Effects of direct-fed microbial supplementation on digestibility and fermentation end-products in horses fed low- and high-starch concentrates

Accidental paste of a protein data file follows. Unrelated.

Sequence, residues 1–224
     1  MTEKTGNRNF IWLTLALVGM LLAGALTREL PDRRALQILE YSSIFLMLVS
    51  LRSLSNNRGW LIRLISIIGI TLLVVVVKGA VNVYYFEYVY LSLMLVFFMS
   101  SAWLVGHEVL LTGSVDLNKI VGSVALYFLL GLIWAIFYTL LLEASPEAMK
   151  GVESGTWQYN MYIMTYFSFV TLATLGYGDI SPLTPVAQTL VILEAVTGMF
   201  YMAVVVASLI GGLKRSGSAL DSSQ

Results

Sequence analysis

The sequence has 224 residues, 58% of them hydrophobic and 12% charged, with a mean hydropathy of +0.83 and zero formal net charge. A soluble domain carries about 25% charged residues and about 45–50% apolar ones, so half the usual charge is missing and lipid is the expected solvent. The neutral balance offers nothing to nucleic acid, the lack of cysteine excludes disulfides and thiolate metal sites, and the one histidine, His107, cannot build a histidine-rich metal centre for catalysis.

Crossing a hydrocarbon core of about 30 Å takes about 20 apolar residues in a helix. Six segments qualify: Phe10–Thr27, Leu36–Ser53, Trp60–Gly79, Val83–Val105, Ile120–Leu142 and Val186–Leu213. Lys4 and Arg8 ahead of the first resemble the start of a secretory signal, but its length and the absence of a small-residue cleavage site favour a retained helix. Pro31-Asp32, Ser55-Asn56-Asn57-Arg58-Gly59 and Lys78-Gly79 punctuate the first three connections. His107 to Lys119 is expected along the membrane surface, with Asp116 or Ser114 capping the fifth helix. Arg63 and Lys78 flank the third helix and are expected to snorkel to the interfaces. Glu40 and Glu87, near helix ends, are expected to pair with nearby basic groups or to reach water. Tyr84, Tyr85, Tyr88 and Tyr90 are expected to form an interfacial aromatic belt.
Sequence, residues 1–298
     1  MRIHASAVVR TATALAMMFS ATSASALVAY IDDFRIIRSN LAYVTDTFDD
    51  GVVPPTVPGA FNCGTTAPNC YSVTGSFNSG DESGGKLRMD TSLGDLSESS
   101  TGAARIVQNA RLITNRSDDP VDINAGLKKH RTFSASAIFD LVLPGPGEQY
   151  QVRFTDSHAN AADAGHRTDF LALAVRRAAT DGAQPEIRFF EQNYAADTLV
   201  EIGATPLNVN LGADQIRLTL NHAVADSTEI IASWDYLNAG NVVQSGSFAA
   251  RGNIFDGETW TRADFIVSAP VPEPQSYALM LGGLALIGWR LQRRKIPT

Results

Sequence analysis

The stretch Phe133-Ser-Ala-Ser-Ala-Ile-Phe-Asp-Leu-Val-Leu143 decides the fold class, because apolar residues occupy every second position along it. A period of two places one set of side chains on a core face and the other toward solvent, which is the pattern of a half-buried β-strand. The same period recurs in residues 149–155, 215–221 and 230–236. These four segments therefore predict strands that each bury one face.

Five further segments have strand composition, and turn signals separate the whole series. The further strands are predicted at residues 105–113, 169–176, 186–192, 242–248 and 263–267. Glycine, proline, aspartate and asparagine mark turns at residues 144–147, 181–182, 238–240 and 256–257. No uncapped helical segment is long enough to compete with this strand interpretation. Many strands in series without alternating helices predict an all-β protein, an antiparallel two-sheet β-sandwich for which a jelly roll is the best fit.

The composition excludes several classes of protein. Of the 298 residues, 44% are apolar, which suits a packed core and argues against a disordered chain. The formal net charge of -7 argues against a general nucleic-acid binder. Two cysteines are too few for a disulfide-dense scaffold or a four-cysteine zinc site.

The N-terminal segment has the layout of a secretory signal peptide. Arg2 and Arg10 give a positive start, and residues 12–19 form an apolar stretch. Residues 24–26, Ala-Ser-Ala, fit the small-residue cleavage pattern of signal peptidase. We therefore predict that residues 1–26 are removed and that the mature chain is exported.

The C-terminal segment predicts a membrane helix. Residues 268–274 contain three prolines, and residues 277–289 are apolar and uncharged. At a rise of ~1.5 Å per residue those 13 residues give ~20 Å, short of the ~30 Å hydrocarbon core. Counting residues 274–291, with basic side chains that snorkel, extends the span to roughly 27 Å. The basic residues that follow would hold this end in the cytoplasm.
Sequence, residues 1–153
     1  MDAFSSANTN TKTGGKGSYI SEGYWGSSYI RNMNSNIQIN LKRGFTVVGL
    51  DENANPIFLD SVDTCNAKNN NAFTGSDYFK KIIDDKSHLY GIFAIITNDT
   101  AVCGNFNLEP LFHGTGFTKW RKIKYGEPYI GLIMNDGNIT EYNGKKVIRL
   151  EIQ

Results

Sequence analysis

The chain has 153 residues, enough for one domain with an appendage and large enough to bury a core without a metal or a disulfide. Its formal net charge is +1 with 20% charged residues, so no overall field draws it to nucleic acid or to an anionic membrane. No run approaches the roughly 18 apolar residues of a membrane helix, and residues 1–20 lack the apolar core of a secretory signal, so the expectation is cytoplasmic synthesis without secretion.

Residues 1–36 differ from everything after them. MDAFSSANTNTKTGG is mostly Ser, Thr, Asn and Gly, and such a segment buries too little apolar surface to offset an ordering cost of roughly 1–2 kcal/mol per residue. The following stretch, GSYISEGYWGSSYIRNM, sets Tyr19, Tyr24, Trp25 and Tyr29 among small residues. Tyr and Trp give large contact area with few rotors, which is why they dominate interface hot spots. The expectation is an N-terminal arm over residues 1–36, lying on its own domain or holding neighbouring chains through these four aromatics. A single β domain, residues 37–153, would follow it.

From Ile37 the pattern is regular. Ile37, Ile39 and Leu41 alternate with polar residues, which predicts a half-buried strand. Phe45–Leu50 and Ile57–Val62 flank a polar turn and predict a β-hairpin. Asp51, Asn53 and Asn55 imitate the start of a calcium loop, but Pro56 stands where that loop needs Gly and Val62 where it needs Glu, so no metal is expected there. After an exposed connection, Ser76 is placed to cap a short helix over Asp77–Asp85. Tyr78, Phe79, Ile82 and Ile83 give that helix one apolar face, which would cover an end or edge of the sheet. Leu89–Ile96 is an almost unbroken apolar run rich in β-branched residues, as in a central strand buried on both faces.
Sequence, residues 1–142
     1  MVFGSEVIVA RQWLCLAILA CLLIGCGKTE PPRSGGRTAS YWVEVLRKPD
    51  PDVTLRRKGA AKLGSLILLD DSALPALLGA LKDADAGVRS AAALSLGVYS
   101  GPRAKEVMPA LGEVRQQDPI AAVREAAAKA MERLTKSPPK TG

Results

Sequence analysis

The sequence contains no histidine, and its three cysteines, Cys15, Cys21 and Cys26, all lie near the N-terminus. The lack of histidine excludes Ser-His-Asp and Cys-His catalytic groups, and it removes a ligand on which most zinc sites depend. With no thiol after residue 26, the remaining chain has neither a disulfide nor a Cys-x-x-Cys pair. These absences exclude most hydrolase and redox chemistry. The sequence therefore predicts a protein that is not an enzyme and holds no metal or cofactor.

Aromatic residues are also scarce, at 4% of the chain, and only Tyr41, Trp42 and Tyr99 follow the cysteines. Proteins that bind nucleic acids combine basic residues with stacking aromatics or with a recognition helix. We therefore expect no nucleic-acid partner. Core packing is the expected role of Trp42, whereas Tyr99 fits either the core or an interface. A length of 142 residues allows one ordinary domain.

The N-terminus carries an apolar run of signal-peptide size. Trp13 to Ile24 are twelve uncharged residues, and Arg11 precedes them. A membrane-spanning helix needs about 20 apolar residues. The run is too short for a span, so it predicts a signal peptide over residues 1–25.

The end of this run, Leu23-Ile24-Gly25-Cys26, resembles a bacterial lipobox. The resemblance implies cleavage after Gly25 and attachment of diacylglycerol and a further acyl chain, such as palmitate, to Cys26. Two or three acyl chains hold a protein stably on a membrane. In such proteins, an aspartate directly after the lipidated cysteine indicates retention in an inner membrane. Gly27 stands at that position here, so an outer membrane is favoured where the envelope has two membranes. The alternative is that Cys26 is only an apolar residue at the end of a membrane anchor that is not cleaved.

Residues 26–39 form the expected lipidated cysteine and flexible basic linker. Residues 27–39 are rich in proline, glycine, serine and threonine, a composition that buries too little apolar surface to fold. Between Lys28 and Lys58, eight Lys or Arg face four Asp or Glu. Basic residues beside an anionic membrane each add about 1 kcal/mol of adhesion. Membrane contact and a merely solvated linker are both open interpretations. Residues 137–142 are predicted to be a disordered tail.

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This research evaluated the viability of lactic acid bacteria (LAB) intended for in vivo application as direct-fed microbial (DFM) supplements in two experiments during feed processing (Exp. 1) and storage (Exp. 2) and determined the efficacy of DFM on the digestibility and hindgut fermentation of horses during and after an abrupt increase in starch (Exp. 3). In Exp. 1, lactobacilli survived feed processing and a commercial enumeration method was validated. In Exp. 2, viable colony forming units of LAB were assessed and remained viable during 12 weeks of storage. Controls in both experiments had high levels of naturally-occurring bacteria present. In Exp. 3, a high-starch concentrate caused fecal pH to decrease, and fecal propionate and digestibility of many nutrients to increase. The DFM induced minimal improvements in digestibility or fermentation parameters and data provided no clear evidence to support the use of a multiple versus a single strain DFM preparation.